While checking my emails one mundane Monday morning last month I opened an email from Mercedes-Benz’s friendly PR people asking if I’d like to attend the media day of their AMG road-show. They would have the full line-up of the three-pointed stars AMG models for us to drive at the Yas Marina Circuit. The thing is, my schedule is a bit crazy at the moment and I’ve driven everything in the AMG line-up pretty extensively. So other than reacquainting myself with their excellent cars and having a bit of a jolly on a racetrack, there wasn’t much point in me making the trip up to Abu Dhabi.
Before politely declining the invitation, I noticed that part of the program would involve a taxi ride in the drool inducing SLS GT3 racing car with F1 safety car driver Bernd Maylander behind the wheel. ‘That’s pretty interesting’ I thought, ‘wouldn’t it make for a great feature if they let me drive that instead?’ Slightly cheeky I know, but hey – you don’t ask, you don’t get. A few phone calls back and forth with said lovely Mercedes PR personnel and to my delight the idea was given the green light. Result! Mercedes’ only stipulation was that I would have to wait till the last day of their week-long event just in case I had, erm, an unfortunate incident that might put the car out of action before they completed their activities. Fine by me.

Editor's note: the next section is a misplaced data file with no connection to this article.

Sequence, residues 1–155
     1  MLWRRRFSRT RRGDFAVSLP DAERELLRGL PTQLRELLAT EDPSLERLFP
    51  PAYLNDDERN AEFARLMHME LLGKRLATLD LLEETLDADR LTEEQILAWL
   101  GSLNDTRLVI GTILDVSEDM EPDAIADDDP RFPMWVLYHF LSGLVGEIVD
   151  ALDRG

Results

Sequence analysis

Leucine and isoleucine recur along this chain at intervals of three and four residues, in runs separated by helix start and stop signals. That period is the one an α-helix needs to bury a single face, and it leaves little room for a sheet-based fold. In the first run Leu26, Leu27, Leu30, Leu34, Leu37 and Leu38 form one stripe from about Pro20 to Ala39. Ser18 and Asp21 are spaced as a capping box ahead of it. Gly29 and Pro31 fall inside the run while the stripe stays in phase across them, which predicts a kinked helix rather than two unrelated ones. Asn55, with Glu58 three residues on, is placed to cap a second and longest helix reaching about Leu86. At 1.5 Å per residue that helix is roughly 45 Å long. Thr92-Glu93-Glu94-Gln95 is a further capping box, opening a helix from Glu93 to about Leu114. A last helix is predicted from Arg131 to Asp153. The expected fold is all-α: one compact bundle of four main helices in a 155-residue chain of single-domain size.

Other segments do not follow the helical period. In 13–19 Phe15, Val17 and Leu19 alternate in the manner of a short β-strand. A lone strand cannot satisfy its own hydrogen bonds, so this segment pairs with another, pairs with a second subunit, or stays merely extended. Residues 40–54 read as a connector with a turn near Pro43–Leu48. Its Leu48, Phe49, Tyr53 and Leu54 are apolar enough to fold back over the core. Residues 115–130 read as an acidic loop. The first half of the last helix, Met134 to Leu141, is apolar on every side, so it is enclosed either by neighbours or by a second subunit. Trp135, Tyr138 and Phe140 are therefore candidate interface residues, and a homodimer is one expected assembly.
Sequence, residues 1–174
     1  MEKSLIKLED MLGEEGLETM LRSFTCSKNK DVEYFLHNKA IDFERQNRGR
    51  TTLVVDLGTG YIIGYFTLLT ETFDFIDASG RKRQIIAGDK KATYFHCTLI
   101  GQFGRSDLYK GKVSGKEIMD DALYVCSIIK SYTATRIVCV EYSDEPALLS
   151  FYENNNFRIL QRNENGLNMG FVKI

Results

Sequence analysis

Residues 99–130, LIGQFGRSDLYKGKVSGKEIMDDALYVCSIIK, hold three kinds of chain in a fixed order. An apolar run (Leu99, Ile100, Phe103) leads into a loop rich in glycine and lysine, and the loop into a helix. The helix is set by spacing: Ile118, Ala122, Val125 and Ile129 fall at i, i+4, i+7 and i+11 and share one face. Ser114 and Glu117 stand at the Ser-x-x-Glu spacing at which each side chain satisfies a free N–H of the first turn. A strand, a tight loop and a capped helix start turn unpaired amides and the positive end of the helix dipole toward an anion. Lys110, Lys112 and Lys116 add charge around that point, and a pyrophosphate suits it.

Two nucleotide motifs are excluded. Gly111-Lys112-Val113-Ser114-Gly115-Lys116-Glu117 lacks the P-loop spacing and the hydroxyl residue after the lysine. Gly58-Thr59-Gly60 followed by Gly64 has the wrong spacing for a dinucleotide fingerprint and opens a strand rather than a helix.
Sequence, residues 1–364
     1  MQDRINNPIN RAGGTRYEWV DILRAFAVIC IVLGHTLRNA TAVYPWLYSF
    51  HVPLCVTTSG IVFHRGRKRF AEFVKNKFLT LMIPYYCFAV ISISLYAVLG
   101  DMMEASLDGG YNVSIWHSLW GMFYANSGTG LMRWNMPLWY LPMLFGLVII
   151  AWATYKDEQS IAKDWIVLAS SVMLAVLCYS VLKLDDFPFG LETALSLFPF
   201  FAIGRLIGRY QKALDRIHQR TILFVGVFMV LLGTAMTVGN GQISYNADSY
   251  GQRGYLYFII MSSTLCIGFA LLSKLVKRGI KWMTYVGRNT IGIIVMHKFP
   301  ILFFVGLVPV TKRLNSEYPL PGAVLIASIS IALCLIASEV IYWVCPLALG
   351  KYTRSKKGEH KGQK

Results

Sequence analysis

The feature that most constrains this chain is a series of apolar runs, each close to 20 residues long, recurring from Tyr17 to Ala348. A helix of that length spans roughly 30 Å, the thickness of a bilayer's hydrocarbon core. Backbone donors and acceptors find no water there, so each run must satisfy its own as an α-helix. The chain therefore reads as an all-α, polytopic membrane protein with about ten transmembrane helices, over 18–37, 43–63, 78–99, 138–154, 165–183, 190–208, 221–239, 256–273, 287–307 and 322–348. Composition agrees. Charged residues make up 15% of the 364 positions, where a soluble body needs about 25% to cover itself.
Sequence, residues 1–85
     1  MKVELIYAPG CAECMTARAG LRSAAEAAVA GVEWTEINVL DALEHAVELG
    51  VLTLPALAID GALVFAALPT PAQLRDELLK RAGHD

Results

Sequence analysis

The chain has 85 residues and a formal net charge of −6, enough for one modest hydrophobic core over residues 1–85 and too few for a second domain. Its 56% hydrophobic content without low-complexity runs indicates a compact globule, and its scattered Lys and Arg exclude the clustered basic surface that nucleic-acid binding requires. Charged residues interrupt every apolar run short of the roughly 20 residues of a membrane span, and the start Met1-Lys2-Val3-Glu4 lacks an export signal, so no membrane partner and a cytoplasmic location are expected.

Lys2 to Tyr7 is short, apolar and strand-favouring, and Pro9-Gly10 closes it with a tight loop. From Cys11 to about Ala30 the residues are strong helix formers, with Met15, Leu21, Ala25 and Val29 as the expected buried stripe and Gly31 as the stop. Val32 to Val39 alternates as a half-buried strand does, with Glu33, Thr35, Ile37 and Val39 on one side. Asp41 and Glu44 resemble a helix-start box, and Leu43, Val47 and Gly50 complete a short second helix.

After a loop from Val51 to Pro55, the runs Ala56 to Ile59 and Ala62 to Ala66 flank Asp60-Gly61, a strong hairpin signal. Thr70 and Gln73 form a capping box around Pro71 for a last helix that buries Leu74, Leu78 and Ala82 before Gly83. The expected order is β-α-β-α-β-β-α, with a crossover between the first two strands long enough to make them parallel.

Fast forward to today and I’m standing in the spotless race garages at Yas with not one but two motorsports greats. The first and most obvious is the utterly gorgeous SLS race car I will be driving, up on its air jacks with the Mercedes mechanics feverishly preparing it for the day’s running. The second is multiple DTM champion Bernd Schneider, who has been flown out to guide me through my first experience of the SLS GT3. Seeing as he was the man behind the development of both the road car and race car, I feel really privileged to have him here.
I’m introduced to Bernd as the hack who’s going to be driving the car today and after pleasantries are exchanged we wander over to the car. At first sight, it’s clearly an SLS, only meaner-looking. The body sits 18mm lower, it’s 50mm wider than the stock version, and it has been de-domesticated with all manner of racing modifications. There are vents and slats and strakes and spoilers everywhere—all for function, not frivolity.